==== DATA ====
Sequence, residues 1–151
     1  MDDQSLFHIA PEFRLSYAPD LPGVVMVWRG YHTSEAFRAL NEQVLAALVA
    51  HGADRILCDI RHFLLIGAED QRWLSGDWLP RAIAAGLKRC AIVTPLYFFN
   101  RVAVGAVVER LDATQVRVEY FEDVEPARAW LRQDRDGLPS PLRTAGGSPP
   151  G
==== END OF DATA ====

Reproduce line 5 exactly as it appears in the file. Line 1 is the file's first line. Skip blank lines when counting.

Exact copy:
   151  G